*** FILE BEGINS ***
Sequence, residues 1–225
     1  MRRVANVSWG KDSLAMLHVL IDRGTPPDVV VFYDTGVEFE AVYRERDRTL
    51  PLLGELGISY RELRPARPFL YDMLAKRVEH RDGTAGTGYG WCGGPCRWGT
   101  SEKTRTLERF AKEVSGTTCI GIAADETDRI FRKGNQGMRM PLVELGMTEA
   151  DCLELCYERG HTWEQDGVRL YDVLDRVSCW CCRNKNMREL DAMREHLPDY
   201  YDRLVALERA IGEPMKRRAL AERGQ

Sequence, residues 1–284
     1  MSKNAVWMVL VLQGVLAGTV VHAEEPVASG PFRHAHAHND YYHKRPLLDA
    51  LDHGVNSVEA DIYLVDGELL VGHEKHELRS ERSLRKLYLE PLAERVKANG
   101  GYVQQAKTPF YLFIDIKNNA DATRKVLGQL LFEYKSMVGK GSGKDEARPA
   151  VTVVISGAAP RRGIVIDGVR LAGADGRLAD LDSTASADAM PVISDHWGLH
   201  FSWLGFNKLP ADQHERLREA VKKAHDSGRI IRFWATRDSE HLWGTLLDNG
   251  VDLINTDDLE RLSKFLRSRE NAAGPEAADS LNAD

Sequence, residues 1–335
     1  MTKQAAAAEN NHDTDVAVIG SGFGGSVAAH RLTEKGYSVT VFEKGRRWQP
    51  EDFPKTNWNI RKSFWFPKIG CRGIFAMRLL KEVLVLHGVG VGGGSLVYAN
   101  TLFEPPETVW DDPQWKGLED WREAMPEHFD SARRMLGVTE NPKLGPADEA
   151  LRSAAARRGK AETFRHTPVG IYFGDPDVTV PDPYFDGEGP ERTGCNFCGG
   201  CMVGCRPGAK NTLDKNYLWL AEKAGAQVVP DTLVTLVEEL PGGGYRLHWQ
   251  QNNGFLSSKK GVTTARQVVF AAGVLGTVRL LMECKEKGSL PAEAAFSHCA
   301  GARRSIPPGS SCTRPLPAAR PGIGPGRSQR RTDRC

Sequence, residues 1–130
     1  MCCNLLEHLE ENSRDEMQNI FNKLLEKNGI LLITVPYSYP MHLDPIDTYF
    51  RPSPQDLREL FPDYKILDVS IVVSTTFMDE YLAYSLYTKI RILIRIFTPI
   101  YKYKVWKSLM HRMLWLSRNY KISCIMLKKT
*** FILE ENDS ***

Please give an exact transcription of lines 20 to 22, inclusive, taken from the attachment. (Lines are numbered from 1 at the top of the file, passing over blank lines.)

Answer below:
   251  QNNGFLSSKK GVTTARQVVF AAGVLGTVRL LMECKEKGSL PAEAAFSHCA
   301  GARRSIPPGS SCTRPLPAAR PGIGPGRSQR RTDRC

Sequence, residues 1–130